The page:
Released Nov. 6, 2020

  • September 2020
    7.9% unemployment rate
    672,000 jobs added

    Payroll employment rose by 672,000 in September, according to the U.S. Bureau of Labor Statistics, falling short of economists’ predictions, various sources said. The unemployment rate declined to 7.9%; "notable gains" occurred in retail, hospitality and healthcare.

    The Economic Policy Institute called the increase a "notable slowdown" in the recovery of jobs lost during the first months of the coronavirus pandemic, following the 1,489,000 jobs gained in August after seasonal adjustments. The report also does not account for the large layoff news across various industries this past week; Disney laid off 28,000 workers from its various U.S. parks, CNBC reported, while airlines may layoff upwards of 30,000 workers if federal aid legislation does not pass.

    Andy Van Kleunen, CEO of National Skills Coalition, called the ongoing recession "the most unequal in modern American history."

    “The marginal reductions in unemployment have been seen by mostly white workers – the unemployment rate remains in double digits for African Americans and Latinos compared to 7 percent for white workers,” Kleunen said in a statement. “There are fewer workers participating in the labor market today than just last month. In short, people are still hurting.”

    Released Oct. 2, 2020

  • August 2020
    8.4% unemployment rate
    1.4 million jobs added

    The labor market continued its slow improvement as the unemployment rate dropped to 8.4% in August 2020, according to the U.S. Bureau of Labor Statistics -- the first time the statistic hit single digits since March. Total payroll employment grew by 1.4 million; retail trade and leisure and hospitality gained jobs, the report noted, as the market "reflect[ed] the continued resumption of economic activity that had been curtailed due to the coronavirus (COVID-19) pandemic and efforts to contain it."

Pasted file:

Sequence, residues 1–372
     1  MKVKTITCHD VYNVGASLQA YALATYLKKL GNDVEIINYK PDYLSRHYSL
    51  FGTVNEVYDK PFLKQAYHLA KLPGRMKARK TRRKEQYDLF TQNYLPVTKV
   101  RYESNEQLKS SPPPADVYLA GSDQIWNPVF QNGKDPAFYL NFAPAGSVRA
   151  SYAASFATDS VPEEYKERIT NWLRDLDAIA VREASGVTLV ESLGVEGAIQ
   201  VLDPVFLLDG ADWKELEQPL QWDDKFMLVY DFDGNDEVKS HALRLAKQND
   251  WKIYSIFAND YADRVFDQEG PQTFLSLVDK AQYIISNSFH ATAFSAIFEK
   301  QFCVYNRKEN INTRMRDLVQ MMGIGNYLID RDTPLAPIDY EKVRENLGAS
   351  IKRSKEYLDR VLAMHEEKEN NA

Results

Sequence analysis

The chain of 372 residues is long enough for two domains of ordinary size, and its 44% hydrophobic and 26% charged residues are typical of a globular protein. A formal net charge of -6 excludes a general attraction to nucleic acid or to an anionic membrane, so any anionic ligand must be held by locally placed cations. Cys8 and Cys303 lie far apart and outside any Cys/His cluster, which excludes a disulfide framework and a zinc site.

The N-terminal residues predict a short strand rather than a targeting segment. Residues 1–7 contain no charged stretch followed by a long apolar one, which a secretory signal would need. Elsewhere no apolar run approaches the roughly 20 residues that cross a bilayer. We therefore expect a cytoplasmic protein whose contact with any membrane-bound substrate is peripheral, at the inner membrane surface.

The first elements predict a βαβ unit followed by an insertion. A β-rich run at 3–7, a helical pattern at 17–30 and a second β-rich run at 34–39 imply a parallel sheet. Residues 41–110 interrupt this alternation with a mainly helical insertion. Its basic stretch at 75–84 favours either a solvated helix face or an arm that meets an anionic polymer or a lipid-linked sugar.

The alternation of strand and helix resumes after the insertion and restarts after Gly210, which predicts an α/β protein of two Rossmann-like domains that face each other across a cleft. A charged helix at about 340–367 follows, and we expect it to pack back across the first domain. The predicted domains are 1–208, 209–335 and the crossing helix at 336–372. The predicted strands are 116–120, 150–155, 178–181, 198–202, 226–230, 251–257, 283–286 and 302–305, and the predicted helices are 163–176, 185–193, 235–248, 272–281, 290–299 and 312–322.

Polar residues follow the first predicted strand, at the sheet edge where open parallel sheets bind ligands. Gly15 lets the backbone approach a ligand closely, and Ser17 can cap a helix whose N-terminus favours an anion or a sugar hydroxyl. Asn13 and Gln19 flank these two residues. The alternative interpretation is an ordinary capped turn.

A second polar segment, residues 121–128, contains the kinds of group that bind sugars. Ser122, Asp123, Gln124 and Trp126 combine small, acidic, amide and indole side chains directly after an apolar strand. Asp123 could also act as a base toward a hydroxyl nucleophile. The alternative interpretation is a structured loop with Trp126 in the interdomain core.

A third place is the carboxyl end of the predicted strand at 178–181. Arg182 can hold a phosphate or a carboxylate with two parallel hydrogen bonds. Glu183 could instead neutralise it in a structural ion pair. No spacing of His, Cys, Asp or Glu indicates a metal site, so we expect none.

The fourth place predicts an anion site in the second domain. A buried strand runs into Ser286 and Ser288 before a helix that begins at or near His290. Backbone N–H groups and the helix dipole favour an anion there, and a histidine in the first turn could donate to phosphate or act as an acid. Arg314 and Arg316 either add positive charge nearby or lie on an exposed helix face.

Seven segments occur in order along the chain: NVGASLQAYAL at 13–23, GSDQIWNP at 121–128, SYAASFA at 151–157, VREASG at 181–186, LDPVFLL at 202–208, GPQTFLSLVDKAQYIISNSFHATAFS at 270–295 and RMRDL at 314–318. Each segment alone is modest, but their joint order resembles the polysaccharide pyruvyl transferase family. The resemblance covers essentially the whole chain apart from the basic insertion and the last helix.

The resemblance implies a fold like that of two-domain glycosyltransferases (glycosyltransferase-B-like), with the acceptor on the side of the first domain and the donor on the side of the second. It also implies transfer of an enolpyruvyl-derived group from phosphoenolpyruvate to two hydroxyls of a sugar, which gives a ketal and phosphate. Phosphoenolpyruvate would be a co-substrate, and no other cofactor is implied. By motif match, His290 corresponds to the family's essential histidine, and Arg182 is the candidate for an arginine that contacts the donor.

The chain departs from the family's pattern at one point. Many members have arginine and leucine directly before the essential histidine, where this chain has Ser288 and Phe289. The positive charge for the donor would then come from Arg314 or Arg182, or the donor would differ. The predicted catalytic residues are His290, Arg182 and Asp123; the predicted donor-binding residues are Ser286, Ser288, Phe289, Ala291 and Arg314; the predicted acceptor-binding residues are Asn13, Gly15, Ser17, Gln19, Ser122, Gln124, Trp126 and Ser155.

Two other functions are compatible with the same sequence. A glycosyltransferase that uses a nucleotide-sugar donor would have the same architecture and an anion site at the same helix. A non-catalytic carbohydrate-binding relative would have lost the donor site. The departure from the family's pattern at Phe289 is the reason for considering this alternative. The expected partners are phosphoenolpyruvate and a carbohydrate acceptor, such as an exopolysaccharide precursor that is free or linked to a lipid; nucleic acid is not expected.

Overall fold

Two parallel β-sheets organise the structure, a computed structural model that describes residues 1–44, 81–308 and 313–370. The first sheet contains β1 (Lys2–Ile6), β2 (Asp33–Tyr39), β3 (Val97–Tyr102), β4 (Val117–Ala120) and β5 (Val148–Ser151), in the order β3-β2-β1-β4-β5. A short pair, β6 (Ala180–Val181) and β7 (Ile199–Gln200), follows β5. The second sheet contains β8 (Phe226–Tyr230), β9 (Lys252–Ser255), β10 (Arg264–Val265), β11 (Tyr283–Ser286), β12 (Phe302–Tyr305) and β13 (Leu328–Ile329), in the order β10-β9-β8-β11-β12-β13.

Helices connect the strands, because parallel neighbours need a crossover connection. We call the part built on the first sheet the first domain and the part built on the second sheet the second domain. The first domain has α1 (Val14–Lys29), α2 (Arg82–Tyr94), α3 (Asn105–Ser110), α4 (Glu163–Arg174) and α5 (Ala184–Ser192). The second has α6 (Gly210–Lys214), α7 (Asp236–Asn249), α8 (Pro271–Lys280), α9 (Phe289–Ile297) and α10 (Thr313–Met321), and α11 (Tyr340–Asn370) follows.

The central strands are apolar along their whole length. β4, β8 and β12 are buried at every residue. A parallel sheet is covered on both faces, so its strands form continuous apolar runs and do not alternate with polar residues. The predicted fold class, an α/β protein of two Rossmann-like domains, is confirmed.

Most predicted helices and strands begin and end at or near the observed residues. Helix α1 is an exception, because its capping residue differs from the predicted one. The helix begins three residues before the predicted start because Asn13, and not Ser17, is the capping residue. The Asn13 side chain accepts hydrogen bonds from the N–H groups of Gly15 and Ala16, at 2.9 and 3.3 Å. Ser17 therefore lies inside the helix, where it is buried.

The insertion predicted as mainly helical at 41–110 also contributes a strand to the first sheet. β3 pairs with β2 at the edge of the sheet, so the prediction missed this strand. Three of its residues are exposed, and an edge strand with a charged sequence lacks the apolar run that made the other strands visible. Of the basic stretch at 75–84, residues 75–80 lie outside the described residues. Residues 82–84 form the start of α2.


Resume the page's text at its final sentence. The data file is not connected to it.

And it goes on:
"The August job gains are a positive sign," Rebecca Henderson, CEO of Randstad Global Business, said in a statement. "However, the service sector will need to be prepared for a potential second wave of the virus that could coincide with the holiday season."

    Becky Frankiewicz, President of ManpowerGroup North America, agreed, noting that “we have a long way to go but these are really encouraging signs.”

    Released Sept. 4, 2020

  • July 2020
    10.2% unemployment rate
    1.8 million jobs added

    Payroll employment grew by 1.8 million jobs in July, the U.S. Bureau of Labor Statistics reported, representing slowed but continued improvement.

    Notable job gains occurred in leisure and hospitality, government, retail trade, professional and business services, other services and healthcare, BLS said, with leisure and hospitality accounting for more than a third of jobs added. Construction remained steady while mining continued to shed jobs, the agency said.

    Released Aug. 7, 2020

  • June 2020
    11.1% unemployment rate
    4.8 million jobs added

    Payroll employment grew by 4.8 million jobs in June, the U.S. Bureau of Labor Statistics reported — representing continued improvement from May, after an April report which had the largest job loss numbers since the Great Depression. Unemployment improved to 11.1%, a decrease of 2.2 percent since the last report.

    BLS highlighted sharp increases in leisure and hospitality employment and also called out "notable job gains" in "retail trade, education and health services, other services, manufacturing, and professional and business services." Professional and business services added 306,000 jobs in June, and is now 1.8 million new jobs away from its February level.

    Economists are warning that even though these figures are improving, economic recovery will still need time. "With the spread of the virus accelerating again, we expect the recovery from here will be a lot bumpier and job gains to be more muted," Michael Pearce, senior US economist at Capital Economics, told CNN.

    Released July 2, 2020